A while ago, I wrote a blog about the danger Daniel Ortega posed to the people of Nicaragua, and I commented that unlike the 1980’s, few people are aware of what is happening in that nation.
Now, a Senior Fellow in foreign policy at the Brookings Institution, Kevin-Casas -Zamora, has written a brilliant and important article about Ortega and the sad nation he rules. The reaction of the world to what Ortega has done, Zamora writes, “has been rather muted. It shouldn’t be.” Zamora is right. Decades ago, when the threat of a Soviet presence in our hemisphere overshadowed other concerns, people paid attention to the Sandinista commandantes and their attempt to create a Marxist totalitarian regime in Central America. Now, without such a major geo-political concern, most commentators barely give Nicaragua a glance. But they should think again, and take a good look.
As Zamora points out, it matters a great deal. Political instability in the region is something the Western Hemisphere can ill afford, especially if it leads as well it might to conflict between neighbors in the region, and possible civil war within Nicaragua. Moreover, it could also lead to a major refugee crisis, as Nicaraguans again flee to Costa Rica or El Salvador for a safe terrain, as they have in previous years of conflict. As Zamora writes, “a prosperous and democratic Nicaragua is crucial to stability in Central America.”
Daniel Ortega is moving his nation rapidly to blatant authoritarian rule. Elections are fixed so that the ruling Sandinista party always wins; international observers have been banned from observing election day voting to judge whether it is free or coerced, and government organized mobs- so called turbas- are being used to prevent opposition demonstrations from being held.
Ortega, Zamora writes, “must understand that in a democratic Latin America, nothing less than full electoral transparency is acceptable.” To get Ortega to accept this he suggests that development assistance be used as a lever to pressure him to accept democratic standards of operation. Already Germany, Sweden, Finland and the U.K. have moved to reconsider cooperative links with Ortega’s government. The United States, even under the Bush Administration, has not withheld resources from a $175 million assistance program agreed to in 2005. Zamora is right that the balance due should be “used prudently, but firmly.”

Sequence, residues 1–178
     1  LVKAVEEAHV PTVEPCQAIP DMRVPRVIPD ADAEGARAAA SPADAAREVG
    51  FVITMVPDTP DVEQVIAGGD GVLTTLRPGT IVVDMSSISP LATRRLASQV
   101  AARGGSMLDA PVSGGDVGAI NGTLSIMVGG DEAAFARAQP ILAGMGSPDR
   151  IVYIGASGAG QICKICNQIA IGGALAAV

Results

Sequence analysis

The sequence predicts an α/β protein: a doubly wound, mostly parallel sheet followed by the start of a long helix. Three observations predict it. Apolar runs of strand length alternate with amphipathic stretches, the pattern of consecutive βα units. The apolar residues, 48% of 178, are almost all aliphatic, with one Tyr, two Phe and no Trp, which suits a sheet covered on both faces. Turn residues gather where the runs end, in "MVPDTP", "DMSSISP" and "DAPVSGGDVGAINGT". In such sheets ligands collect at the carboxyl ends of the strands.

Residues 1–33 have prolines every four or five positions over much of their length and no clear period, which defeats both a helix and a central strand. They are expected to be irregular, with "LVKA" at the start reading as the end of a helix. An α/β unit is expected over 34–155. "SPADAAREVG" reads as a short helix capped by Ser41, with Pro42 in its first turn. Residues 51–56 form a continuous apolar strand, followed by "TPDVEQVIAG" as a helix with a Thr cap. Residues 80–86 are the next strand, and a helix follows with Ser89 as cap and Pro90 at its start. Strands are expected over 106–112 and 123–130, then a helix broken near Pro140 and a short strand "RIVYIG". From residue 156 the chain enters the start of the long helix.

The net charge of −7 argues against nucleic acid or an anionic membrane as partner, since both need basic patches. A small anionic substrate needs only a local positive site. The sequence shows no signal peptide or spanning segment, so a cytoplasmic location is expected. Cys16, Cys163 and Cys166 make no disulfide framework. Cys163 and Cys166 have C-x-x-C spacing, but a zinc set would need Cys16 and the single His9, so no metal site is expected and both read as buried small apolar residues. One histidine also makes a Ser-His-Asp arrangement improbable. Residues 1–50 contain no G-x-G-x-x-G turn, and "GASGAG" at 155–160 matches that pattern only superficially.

It may be a stretch to compare Ortega to Mugabe, who has killed far more of his own countrymen than Ortega. But he is correct to observe that as bad as Hugo Chavez is, he has allowed elections to occur in Venezuela, and has reluctantly observed defeat for his forces at the polls. In the sense that Ortega does not allow any truly free electoral process to occur, he can be compared to Mugabe in Zimbabwe. The need, Zamora puts it, is for our country and other allies in the Hemisphere “not allow him to morph into” a Mugabe.
It is also true that for the most part, the Left’s love affair with the Sandinistas has all but disappeared. One still finds a few really small ads in The Nation promoting tours of Nicaragua to see the great progress the Sandinistas have achieved for the poor. But the scores of young people who once flooded the country and used to be called “Sandalistas” no longer occurs.
But Ortega still dupes some, speaking as he does the language of anti American imperialism. One wonders whether in the near future, Sean Penn will travel there to write about what a great man Ortega is, and serve up his propaganda to a gullible American audience, as he most recently has done for The Huffington Post and The Nation website.